It also left a positive impact on me that he was not only willing to humble himself by learning those hands on skills, but then took the time to create open source blue prints with instructions on how to build essential equipment for a self-sustaining society. Most people who come up with good ideas just want to cash in right away, sell out and leave the project they started behind them. However, I think Marc truly has a good heart and means well with his intentions to help developing/underdeveloped countries create a self-sustainable society with what seems to have an ultimate goal of ending starvation.

The one negative thought that was running through my mind while the video was quickly highlighting some of Marc’s equipment, specifically his tractor, was that his lack of experience in the field may lead him to believe that he has designed an adequate piece of machinery, but in reality it is anything but that. Just because it has four wheels with chains providing decent traction and a motor does not necessarily qualify it as an adequate tractor. As an agricultural engineer, things such as drawbar pull, floatation, compaction, weighting, and a PTO for implement attachment points are some of the first things that crossed my mind when I got a quick glance at his “tractor” that he built in six days. Will his equipment work on a very small scale for the “average joe” who wants to tinker around and start their own farm? Probably. Is it a better solution for a third world country with limited resources, and better than pulling a plough with a donkey? Absolutely. Will his equipment hold up for anything more than that? I am highly skeptical. I did find a more recent video (2011) of Marc outlining his project in more detail, as well as some of the plans for his machines. After watching this video, I do have a bit more confidence that they will meet the job requirements because he claims that each machine will meet industry field testing and specification standards. However, I am still skeptical of how the cost analysis was done for the machines. Starting at 2:56 in the video, a chart is displayed comparing the cost of his machines to comparable machines used in industry. According to his chart, it looks like the cost of a skid loader built is only a couple hundred bucks?! I do condone the fact that he is developing CAD models for each piece of equipment, and has even hired developers full time provide free CAD software for the builds.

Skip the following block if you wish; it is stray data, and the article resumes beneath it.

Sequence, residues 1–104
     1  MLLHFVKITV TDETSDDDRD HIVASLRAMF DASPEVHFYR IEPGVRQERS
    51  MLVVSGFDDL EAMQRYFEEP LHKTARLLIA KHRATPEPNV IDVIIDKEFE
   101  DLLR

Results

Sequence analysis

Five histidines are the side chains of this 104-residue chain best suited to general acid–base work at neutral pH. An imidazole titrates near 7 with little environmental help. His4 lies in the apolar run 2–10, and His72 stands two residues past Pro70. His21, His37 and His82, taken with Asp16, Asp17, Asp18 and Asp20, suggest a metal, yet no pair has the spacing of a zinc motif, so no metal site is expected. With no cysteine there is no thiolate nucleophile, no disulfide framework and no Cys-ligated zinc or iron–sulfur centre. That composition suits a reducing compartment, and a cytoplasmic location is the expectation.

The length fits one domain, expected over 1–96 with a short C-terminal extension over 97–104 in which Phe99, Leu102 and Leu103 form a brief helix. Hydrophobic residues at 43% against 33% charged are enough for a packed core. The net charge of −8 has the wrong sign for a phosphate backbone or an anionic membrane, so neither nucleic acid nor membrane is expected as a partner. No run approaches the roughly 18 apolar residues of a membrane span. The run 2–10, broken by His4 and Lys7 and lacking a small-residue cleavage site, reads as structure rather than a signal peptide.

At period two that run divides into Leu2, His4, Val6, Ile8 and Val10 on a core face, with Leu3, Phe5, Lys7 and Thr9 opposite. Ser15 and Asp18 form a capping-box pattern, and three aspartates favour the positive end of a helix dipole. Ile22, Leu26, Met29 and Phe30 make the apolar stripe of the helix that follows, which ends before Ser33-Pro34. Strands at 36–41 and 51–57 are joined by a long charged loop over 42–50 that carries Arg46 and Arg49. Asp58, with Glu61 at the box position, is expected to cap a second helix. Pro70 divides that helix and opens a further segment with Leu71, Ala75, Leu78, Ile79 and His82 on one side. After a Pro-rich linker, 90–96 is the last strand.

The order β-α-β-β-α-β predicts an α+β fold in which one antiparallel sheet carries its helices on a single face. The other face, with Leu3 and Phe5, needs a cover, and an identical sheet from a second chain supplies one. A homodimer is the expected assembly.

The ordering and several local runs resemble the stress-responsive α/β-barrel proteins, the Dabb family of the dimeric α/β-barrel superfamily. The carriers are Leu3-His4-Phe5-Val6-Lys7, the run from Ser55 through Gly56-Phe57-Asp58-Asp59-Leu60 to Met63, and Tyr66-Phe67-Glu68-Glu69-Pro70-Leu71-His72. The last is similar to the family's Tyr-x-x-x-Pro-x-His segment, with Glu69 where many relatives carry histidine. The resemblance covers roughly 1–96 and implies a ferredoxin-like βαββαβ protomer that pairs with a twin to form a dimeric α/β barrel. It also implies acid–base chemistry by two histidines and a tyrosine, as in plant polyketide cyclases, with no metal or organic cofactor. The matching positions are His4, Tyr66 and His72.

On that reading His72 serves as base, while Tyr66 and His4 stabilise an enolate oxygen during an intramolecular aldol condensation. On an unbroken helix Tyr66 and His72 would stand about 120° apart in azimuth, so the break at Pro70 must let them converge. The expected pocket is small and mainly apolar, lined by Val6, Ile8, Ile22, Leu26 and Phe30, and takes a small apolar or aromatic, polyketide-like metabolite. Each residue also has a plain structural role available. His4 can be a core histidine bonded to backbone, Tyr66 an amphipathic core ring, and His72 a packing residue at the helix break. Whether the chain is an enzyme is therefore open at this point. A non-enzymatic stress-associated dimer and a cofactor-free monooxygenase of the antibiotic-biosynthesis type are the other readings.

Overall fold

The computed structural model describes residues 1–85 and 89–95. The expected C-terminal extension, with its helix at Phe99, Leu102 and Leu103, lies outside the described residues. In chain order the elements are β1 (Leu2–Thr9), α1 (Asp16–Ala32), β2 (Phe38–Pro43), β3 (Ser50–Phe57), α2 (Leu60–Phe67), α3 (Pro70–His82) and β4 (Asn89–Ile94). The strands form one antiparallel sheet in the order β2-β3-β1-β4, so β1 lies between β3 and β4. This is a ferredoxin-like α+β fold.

Question B: The New Yorker magazine recently had a fairly critical article regarding Marcin's OSE project. Find/link that article and summarize its critique. Marcin had a response to that: I'd like your response to both of these pieces.

In response to the New Yorker article: I think the author is poking a lot of fun at Marcin, which I guess is necessary to keep the attention of the audience as a journalist. I don’t think I would be so hard on somebody who is trying to do something for a good reason. However, some of the cracks at Marcin and his utopian self-sufficient community are valid points. I also had a hunch that Marcin is probably having trouble finding qualified workers to help construct his projects which seems to have been confirmed in this article. I can’t really say if I like or dislike the article. I am indifferent.